Shea: The Caretaker

Browns fans shouldn't expect transcendence, but the Jake Delhomme era may not be without its rewards...

There are transcendental moments in history that sear themselves into our collective memory. People remember where they were and what they were doing when Pearl Harbor was attacked … when President Kennedy and John Lennon were shot … when the space shuttle Challenger exploded … when the Twin Towers were toppled.

The memories are even more keen if the person was there, waving at the motorcade in Dealey Plaza or working in Lower Manhattan with the hijacked airliners stuck.

My brush with history? I was in the stands when journeyman backup quarterback/punter/extra point holder Tommy Tupa lunged through the line and into the end zone at Cincinnati's old Riverfront Stadium, scoring the NFLs first-ever two-point conversion. It was Sept. 4, 1994. I was there with my college girlfriend and we had been tailgating before the game, cooking hot dogs on one of those little as-seen-on-TV grills fueled by balled-up wads of newspaper. The Browns were up 3-0 on a Matt Stover field goal when Vinny Testaverde threw an 11-yard touchdown pass to running back Leroy Hoard, and the historic conversion followed.

The Bengals extra-point block unit had a formation in which two players were stretched far to the kickers left side, leaving a gap in the line. The ball was snapped and Tupa had an open hole into the end zone. Boom - history made, and the Browns went on to win 28-20. I was there. That trumps your stories of surprise attacks, assassinations, terrorism and other disasters, right?

Now lets going down to the real business at hand: How many quarterbacks can dance on the head of a pin? Or start for the Cleveland Browns? These age-old philosophical questions plague us these days.

There's been much head-scratching, teeth-gnashing and angst over the Cleveland Browns decision to ink 35-year-old quarterback Jake Delhomme to a 2-year contract, while jettisoning former starters Derek Anderson and Brady Quinn.

The knock on Delhomme is that he's been an injury-prone turnover machine the past two seasons, which includes 30 interceptions and a wretched performance in a playoff loss to Arizona in January 2009. He quickly lost his job not long after starting last season with a six-turnover outing in a blowout at Philadelphia.

So its not knick-picking to question the wisdom of turning the team over to Delhomme, who was basically deemed so worthless to the Carolina Panthers that they released him with nearly $13 million still owed to him on a contract extended last year. He's getting $7 million from the Browns for 2010, so Delhomme and his agent are savvy businessmen, if nothing else. Ol' Jake will bank about $20 million over the next year.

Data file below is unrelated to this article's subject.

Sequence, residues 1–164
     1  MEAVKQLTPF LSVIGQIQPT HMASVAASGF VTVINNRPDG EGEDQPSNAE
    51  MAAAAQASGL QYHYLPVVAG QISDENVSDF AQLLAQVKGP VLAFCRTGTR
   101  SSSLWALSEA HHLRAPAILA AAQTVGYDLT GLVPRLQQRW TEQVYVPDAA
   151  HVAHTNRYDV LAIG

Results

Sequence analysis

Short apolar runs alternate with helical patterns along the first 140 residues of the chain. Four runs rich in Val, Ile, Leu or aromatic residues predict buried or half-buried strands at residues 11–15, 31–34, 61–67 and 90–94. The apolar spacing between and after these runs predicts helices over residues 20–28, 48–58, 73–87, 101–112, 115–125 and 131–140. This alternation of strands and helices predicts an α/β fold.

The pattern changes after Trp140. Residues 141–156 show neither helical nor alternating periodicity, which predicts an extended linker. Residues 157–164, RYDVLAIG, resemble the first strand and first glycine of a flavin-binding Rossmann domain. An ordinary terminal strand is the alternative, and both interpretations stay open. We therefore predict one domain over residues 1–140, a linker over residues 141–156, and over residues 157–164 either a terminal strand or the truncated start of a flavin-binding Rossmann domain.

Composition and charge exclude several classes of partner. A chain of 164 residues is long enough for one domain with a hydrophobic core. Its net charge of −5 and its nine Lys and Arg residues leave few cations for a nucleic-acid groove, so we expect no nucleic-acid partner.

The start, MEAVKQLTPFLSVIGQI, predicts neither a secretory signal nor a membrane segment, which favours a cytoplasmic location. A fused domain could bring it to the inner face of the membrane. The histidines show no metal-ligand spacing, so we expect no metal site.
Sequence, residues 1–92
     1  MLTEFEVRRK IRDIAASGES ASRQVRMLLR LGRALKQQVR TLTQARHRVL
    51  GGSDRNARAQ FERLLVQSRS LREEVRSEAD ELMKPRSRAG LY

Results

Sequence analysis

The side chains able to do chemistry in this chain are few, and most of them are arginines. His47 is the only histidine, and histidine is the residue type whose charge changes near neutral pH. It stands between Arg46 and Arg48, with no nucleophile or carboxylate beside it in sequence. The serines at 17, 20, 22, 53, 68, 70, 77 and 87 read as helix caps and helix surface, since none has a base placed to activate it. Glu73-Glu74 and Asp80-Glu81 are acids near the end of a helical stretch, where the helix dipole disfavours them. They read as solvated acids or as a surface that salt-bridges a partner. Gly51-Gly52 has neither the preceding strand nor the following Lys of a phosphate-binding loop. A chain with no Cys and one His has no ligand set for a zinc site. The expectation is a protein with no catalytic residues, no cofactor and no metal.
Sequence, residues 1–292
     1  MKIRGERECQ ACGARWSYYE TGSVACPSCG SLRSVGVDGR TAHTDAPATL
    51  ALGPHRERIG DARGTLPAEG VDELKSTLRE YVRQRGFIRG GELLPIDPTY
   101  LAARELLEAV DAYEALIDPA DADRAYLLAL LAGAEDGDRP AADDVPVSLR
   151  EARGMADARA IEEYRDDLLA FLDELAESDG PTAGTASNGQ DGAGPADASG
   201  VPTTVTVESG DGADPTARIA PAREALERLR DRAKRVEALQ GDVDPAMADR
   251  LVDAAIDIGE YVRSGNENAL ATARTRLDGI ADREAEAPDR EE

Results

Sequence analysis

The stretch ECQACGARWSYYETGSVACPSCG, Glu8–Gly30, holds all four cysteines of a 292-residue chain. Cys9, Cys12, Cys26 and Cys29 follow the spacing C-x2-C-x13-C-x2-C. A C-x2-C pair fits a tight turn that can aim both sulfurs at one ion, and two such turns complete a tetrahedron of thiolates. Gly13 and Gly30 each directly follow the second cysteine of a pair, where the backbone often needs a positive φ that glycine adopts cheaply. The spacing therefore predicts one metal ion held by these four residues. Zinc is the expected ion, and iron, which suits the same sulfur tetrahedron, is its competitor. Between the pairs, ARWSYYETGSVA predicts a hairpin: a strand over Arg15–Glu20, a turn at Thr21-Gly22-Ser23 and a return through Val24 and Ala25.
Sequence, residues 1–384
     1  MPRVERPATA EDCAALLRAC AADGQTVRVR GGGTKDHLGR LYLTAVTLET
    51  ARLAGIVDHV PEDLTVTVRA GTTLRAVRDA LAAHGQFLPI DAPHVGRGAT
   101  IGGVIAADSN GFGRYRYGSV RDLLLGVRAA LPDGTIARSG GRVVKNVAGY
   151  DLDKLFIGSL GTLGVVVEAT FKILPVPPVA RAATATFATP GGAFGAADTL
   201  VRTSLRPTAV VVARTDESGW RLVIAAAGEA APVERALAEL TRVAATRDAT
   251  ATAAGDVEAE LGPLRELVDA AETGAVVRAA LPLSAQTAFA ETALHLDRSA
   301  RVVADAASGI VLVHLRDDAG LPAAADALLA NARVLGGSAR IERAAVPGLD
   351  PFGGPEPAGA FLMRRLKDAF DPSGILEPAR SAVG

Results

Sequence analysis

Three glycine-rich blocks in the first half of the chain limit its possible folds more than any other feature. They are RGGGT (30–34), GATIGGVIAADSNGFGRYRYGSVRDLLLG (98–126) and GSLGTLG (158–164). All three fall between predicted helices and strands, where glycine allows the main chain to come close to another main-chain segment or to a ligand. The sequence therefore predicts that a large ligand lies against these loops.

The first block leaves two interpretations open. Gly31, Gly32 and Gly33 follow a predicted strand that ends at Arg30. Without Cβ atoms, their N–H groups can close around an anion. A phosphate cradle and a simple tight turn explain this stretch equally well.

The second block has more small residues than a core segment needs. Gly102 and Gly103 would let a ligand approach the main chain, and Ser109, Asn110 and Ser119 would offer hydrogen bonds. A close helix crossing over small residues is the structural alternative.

New mustachioed team president/czar/guru/buffet aficionado Mike Holmgren has made noise about relying on Delhomme for his undisputed leadership skills. Which is fine, but someone still needs to throw the football, preferably to his own players and not from a prone position.

Delhomme has suffered a busted elbow, broken finger and undergone Tommy John surgery over the past three seasons. Of course, he also has three seasons of 10 or more victories under his belt, a 2005 Pro Bowl appearance and an 2003 NFC championship victory on his resume.

But you know all this. Its been rehashed by every reporter, columnist, blogger and person with an opinion and access to an Internet message board, and perhaps even skywriting and smoke signals.

Jake Delhomme has appeared in 97 NFL games in his career, and he's won 50 of the 81 games he's started. By contrast, the beloved and sacrosanct  Bernie Kosar, blessed be his name, won 53 of his 105 career starts in Cleveland.

The similarities don't end there. Delhomme has throw for 19,892 yards and 123 touchdowns against 94 interceptions in his career. Kosar racked up 21,904 yards in nine years in Cleveland, and he threw 116 touchdowns and 81 interceptions while a Brown.

Unlike Kosar, the Canjun-tongued Delhomme got his team over the conference championship game hump and into a Super Bowl. That's not a knock on Kosar, just a fact. Their careers are similar.

The biggest departure is that Kosar came out of the University of Miami as a golden boy, Heisman finalist and winner of a national championship who cleverly maneuvered himself within the system to ensure he got drafted by the Browns -- something no one in their right mind would want to do today, and couldn't if they wanted to because the system was changed after Kosar gamed all the grown-ups.

Delhomme, on the other hand, was unheralded and spent five seasons in obscurity on the bench for the New Orleans Saints -- his boyhood team -- before the Panthers took a free agent chance on him, and fate intervened to hand him the starting job. He obviously thrived after the stars aligned for him, and spending so many years on clip-board duty kept him healthy. Or pushed off the injuries until the natural final years of his career.

All of this information in interesting, at least to me, but academic because the fact remains that Delhomme is 35 years old. No disputing his age, injuries and recent performance led to his firing and the subsequent lack of demand for his services on the open market.